Palmer took classes with Boardman Robinson and Kenneth Hayes Miller at the Art Students League and in the 1920s studied fresco at the École des Beaux-Arts in Paris. Much of Palmer’s work during the late 1930s was devoted to the various government art programs; he won a coveted commission to paint murals for the Post Office Department building in Washington, D.C., and was later appointed supervisor of the WPA’s mural division in New York City. From 1941 until his retirement in 1973, he served as director of the art school at Munson-Williams ‑Proctor Institute in Utica. Palmer was a painter of the American Scene who portrayed the rolling plains and expansive skies of his native Iowa during the 1930s and 1940s. In the 1950s he began exploring the moods, atmosphere, and light of New York’s rural landscape, which he interpreted through abstract planes and closely graded colors.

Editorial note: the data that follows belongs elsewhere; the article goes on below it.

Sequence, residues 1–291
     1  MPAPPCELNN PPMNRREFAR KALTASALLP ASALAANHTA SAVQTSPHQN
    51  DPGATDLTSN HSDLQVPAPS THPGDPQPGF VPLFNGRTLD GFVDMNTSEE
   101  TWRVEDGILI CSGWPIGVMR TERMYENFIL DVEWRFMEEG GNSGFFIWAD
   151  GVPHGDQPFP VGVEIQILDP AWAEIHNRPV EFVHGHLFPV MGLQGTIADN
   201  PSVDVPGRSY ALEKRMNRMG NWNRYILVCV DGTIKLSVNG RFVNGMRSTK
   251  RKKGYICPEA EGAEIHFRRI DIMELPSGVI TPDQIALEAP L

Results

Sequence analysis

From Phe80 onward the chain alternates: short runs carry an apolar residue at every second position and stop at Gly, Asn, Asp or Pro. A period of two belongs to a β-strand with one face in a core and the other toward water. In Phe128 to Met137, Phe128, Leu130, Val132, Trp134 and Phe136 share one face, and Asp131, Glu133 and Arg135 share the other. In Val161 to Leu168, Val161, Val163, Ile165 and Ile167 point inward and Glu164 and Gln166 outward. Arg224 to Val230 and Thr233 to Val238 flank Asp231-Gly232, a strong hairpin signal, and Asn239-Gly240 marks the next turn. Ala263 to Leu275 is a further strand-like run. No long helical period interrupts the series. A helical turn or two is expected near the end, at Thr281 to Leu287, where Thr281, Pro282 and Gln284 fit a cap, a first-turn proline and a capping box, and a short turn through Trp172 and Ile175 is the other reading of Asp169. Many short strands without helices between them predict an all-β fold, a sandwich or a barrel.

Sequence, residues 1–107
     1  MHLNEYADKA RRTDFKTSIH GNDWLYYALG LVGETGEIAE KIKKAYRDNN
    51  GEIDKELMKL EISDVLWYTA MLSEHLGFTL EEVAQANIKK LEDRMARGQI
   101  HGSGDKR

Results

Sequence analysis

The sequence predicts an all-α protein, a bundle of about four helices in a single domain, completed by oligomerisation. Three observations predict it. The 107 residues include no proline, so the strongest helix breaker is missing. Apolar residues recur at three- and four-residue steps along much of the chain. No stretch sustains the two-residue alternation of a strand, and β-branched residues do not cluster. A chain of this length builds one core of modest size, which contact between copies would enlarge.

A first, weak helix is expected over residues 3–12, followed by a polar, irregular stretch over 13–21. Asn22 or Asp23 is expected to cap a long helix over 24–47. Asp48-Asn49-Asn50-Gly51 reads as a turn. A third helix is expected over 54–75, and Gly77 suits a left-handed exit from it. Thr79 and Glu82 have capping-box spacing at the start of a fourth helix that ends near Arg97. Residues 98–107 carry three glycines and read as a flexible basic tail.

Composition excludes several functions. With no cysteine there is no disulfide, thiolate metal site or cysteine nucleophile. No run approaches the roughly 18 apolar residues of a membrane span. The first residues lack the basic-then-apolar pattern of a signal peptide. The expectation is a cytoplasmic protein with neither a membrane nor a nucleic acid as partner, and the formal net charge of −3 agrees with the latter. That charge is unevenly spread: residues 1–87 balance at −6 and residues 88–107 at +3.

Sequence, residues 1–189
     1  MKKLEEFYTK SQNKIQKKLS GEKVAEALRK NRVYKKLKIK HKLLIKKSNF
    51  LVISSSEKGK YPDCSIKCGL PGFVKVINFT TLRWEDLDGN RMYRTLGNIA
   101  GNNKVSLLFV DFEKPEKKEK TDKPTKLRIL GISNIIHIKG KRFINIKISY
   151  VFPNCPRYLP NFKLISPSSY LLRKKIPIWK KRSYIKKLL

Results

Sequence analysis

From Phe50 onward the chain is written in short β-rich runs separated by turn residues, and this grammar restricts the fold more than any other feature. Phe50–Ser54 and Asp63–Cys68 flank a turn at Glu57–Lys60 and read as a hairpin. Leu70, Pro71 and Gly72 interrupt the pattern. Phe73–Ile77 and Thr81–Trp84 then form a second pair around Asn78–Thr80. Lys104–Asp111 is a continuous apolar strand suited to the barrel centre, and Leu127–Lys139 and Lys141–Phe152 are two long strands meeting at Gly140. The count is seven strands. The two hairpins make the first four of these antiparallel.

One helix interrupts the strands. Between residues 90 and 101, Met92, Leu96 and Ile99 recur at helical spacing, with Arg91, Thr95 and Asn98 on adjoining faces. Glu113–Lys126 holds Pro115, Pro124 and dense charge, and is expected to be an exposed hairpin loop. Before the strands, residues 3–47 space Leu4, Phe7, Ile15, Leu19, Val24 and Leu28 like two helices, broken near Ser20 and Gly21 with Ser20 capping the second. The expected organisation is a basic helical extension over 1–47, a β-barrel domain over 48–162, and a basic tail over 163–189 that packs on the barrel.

Virginia M. Mecklenburg Modern American Realism: The Sara Roby Foundation Collection (Washington, D.C.: Smithsonian Institution Press for the National Museum of American Art, 1987)